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This Land Was Made For You And Me 

A show that pleases, not provokes

Landscape paintings were around before God made Adam and Eve. The drawings on the craggy walls in the caves of Chauvet-pont-D'Arc in France predate Adam's exit from Eden by about 15,000 years. These primal landscapes of homage and terror depict bison and rhinos in conflict on the open plain, and scratch out the first human obituary in the stick drawn form of a fallen hunter. Lyrical cave art serves as the modest premiere of the French Avant Garde and is a vigorous but humble start for landscape painting. The landscape tradition has come a long way.

Coast to Coast: The American Landscape, showing through February 28 at Elder Art Gallery, is a serendipitous overview of landscape painting, a small interpretive look at our American visual frontier. At face value, the paintings are snapshots culled from our vast homeland vista, and on an engaging level, they are peeks into the minds of the painters, as well as opportunities to see the world through another's eyes. Looking at landscape paintings is always an exercise in stretching our empathic, and ocular, muscles. The artists are personal trainers for our mind's eye, and they will sometimes take us to our limits.

All of these paintings are representational. Meadows, bridges, backyards, coastlines, valleys and mountains are all here, and each landscape is twisted, turned, exaggerated, simplified, diminished, skewed or skewered by the artist's hand and eye. This is a "That's how I see it" show, where you will see paintings of places you know internally, having never been there. It's also a "What the hell is that?" show which can reveal the viewer's own interpretive bias relative to what a landscape is, or can be.

The best painting in the show is "Maria's Roses" by Joseph Spangler. I'm not alone in appreciating this painting — the painting sold three times, but, happily for the first buyer, only the first sale stuck. It is a construction of ascending walls and roofs viewed over a backyard fence or a high window. We look down and into a patch of green lawn garden with a central bouquet of roses. Utility lines traverse a swatch of blue sky and cumulus clouds. Buildings in the distance recede to a single point perspective. What is so appealing about this painting?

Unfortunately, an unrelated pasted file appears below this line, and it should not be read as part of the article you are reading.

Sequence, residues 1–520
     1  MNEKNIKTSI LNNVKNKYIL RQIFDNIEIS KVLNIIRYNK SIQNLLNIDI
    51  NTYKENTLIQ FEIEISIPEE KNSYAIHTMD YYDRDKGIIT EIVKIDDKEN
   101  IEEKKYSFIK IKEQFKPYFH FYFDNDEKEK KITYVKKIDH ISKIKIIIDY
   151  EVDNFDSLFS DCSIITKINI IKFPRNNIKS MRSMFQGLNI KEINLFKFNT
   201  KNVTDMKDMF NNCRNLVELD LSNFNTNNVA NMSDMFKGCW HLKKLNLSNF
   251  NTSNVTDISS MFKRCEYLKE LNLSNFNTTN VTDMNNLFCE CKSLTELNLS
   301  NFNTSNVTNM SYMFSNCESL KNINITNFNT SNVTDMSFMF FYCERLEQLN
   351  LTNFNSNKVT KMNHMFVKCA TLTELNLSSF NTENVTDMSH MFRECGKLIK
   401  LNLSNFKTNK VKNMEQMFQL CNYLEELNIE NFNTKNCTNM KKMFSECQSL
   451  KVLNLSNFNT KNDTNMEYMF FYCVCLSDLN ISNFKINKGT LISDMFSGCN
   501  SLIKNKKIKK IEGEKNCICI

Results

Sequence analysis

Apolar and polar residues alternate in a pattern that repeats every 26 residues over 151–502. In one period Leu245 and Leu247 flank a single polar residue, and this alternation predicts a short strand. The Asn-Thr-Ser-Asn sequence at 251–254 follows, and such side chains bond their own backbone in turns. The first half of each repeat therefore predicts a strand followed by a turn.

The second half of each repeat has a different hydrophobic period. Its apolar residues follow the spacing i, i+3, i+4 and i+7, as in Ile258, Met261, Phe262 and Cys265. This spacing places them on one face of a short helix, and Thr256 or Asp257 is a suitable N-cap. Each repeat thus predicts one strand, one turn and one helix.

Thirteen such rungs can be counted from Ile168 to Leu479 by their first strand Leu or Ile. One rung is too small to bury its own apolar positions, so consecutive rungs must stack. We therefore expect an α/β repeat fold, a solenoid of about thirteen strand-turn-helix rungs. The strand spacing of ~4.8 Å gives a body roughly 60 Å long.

Lines — hand rails, power lines, window mullions — and planes — doors, brick walls, roof lines and chimneys — build from the bottom of the canvas to a patch of blue sky at top and center. The ascending planes are sun lit from the front, as if the light pours from the face of the viewer. The understated backyard view of a tiny, cloistered and well kept backyard is seen as if we peer over an alley fence, and the view seems intimate and hidden, though not secret. The view over the fence comes as an unexpected surprise.

In this show, two painters push the landscape toward the fantastic. You say expressionist, I say impressionist. This ilk of landscape painting always says more about the painter than the landscape. It's the Van Gogh complex. The best paintings of this type make you think the artist really saw the view as he painted it. The best of the best take you there with him, and lets you see it, convincingly, as he did. Then, hopefully, the artist lets you go.

"Evening Menagerie" by Carl Blair ventures to an internal cosmos where few men have dared venture. Fewer still return from the fantastic voyage unscathed by the bite of self-absorption. Some forever vanish from human (art) history into the funnel of fantasy. Blair paints a valley of cobalt blue fir and deep vermillion spruce dappled across a dark tangled line of evergreens. A bright yellow line of trees stands in front of distant mountain peaks. A blue and yellow river rises vertically through from the bottom center of the canvas and winds through a grassy green valley.